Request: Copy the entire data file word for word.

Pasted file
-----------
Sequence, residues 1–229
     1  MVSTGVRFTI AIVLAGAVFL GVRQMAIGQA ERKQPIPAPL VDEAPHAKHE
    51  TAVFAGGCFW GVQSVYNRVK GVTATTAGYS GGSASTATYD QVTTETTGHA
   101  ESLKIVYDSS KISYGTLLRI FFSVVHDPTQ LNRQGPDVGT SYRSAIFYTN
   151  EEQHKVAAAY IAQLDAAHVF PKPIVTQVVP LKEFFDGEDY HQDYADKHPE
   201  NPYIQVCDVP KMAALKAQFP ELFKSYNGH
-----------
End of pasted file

Sequence, residues 1–229
     1  MVSTGVRFTI AIVLAGAVFL GVRQMAIGQA ERKQPIPAPL VDEAPHAKHE
    51  TAVFAGGCFW GVQSVYNRVK GVTATTAGYS GGSASTATYD QVTTETTGHA
   101  ESLKIVYDSS KISYGTLLRI FFSVVHDPTQ LNRQGPDVGT SYRSAIFYTN
   151  EEQHKVAAAY IAQLDAAHVF PKPIVTQVVP LKEFFDGEDY HQDYADKHPE
   201  NPYIQVCDVP KMAALKAQFP ELFKSYNGH